CAS: Depressive disorder, anticipating a pregnancy
Your patient Megan—well-educated, 29 years old, G0P0—has come to you to discuss her antidepressant (paroxetine [Paxil]) because she is planning her first pregnancy.
Megan has a history of recurrent major depressive disorder (MDD), which is in remission (see “What is MDD?”).
How will you begin the conversation with this patient about keeping MDD in remission during her pregnancy and ensuring the safety of her fetus?
- Major depressive disorder (MDD) is defined by criteria in the fourth edition of the Diagnostic and Statistical Manual of Mental Disorders (DSM-IV)
- The disorder varies in severity, 1) across an affected person’s lifetime and 2) within a depressive episode
- A current or prior episode of depression that includes 1) a significant impact on an individual’s functioning, 2) active suicidality, or 3) hospitalization signals severe MDD
- In women, average age at first episode of depression is 24 years
There is a 20% to 25% lifetime prevalence of depression in women; the disorder peaks during childbearing years, however.1 As of 2003, 13% of pregnant women had taken an antidepressant at some time during their pregnancy, a percentage that has doubled since it was assessed in 1999.2
You are faced with several quandaries in deciding whether to recommend that your patient continue, or discontinue, antidepressant therapy during pregnancy:
- As many as 68% of women who terminate antidepressant treatment before or during pregnancy relapse.
- Even 26% of women who continue antidepressant during pregnancy relapse—requiring a dosage adjustment or change in treatment.3
- Yet the possibly elevated cortisol levels of severe, untreated depression may harm the placenta and fetus.4,5
So, what do you need to know to assess the risks and benefits of “Megan” stopping, or continuing, paroxetine during her anticipated pregnancy? And what are the risks to Megan’s fetus of treating, or not treating, her depression with a serotonin reuptake inhibitor (SRI*)?
“Selective” has been dropped
from “SSRI” to yield simply “SRI.”
In any given patient, her history and family history of depression are key to determining the likelihood that she will suffer ongoing or recurrent depression.
CASE continued Repeated treated episodes plus a family history
In obtaining Megan’s history, you learn that she has had three prior episodes of depression, all of which were successfully treated with paroxetine. Megan has been stable on paroxetine for 3 years.
Notably, the second episode of depression was initially treated with a 16-week trial of psychotherapy alone; when depressive symptoms did not remit, paroxetine was added. That episode was considered severe because it included pervasive thoughts of suicide.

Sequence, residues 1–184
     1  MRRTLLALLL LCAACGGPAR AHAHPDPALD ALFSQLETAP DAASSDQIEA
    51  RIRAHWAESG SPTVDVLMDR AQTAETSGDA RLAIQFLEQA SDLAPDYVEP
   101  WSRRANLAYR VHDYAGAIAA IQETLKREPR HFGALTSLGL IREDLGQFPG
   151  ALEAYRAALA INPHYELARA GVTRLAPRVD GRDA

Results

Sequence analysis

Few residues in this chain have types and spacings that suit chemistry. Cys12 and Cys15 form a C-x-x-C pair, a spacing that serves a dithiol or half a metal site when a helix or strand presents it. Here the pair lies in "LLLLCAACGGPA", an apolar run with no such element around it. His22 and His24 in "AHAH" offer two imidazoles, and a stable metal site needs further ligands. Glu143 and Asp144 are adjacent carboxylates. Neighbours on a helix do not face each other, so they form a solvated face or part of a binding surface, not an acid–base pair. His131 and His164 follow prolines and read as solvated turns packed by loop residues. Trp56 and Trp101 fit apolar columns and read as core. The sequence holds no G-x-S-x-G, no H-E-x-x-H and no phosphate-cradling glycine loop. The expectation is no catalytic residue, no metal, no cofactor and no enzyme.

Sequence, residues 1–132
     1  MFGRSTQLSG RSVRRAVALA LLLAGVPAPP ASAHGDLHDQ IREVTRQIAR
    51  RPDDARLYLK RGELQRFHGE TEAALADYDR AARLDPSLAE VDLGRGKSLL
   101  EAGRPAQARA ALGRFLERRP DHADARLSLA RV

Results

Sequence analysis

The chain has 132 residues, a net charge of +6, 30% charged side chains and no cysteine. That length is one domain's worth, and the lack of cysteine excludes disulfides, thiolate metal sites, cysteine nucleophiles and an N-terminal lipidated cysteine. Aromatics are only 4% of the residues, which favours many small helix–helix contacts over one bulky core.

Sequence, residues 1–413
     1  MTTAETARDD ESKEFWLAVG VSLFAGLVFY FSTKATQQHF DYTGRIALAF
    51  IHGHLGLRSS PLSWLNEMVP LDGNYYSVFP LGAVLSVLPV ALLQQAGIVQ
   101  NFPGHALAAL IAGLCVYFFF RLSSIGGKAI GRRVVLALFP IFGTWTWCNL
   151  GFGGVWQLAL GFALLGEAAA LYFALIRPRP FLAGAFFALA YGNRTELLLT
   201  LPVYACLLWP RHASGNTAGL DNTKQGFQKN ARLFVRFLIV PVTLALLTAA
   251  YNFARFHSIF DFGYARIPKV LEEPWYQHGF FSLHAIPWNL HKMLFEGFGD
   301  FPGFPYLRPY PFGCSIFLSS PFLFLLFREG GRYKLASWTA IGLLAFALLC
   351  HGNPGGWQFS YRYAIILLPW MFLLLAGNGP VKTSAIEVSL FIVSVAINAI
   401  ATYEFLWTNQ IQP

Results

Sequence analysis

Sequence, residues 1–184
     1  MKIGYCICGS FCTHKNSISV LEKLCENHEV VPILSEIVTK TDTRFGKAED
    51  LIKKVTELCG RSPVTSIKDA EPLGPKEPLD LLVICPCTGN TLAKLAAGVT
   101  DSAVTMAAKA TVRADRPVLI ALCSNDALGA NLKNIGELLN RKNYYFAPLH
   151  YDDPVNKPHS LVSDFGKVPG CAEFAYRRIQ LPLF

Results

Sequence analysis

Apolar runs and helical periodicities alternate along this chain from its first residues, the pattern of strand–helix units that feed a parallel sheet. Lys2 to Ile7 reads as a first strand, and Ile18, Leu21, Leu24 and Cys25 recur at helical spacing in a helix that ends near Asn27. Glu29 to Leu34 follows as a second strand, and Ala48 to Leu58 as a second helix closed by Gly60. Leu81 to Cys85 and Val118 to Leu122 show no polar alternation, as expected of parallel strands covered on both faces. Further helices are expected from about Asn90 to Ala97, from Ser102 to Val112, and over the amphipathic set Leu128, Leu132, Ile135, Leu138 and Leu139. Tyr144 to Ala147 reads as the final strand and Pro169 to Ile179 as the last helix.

You also learn that Megan’s mother suffered from postpartum depression and that her father and paternal grandmother were treated for depression.
Known risk factors for depression during pregnancy include: maternal anxiety; prior diagnosis of depression during pregnancy; history of postpartum anxiety or depression; prior diagnosis of either anxiety or depressive disorder; significant life stress (e.g., divorce, death of a loved one); degree of social support—particularly, intimate social support; “intendedness” of pregnancy; domestic violence; and insurance status.6
You review with Megan her risk factors for depression during pregnancy, namely: three prior episodes of MDD and a strong family history of mood disorder. Her MDD is considered “severe” because she has a history of suicidality. You tell Megan that, given these factors, she is at high risk of a recurrence of her depressive illness during pregnancy.
Megan asks: “Would getting depressed during pregnancy hurt the baby?”
Depression during pregnancy affects both infant and maternal well-being, although studies are in conflict about the extent of that morbidity. Multiple areas of potential risk to mother and infant have been studied, including the effect of depression on:
- maternal well-being
- growth of the infant
- spontaneous abortion
- preterm delivery
- neonatal physiologic and neurobehavioral measures
- long-term considerations for the developing infant and child.
Within these categories of risk, a diagnosis of depression during pregnancy has been associated (in some but not all studies) with a higher risk, or rate, of:
- postpartum depression
- preterm birth
- lower maternal weight gain
- maternal tobacco, alcohol, and other substance use
- lower infant gestational age at birth
- small-for-gestational age infant birth.7-10
In terms of long-term impact on offspring, studies differ in their estimation of risk; however, children exposed to untreated, maternal depression at 18 weeks’ and 32 weeks’ gestation did show a greater degree of developmental delay at 18 months than children who were born to a mother who was not depressed during pregnancy.11
You discuss these risks with Megan. She asks: “What treatment do you recommend for me?” You turn to the 2009 guidelines published jointly by the American Psychiatric Association (APA) and ACOG.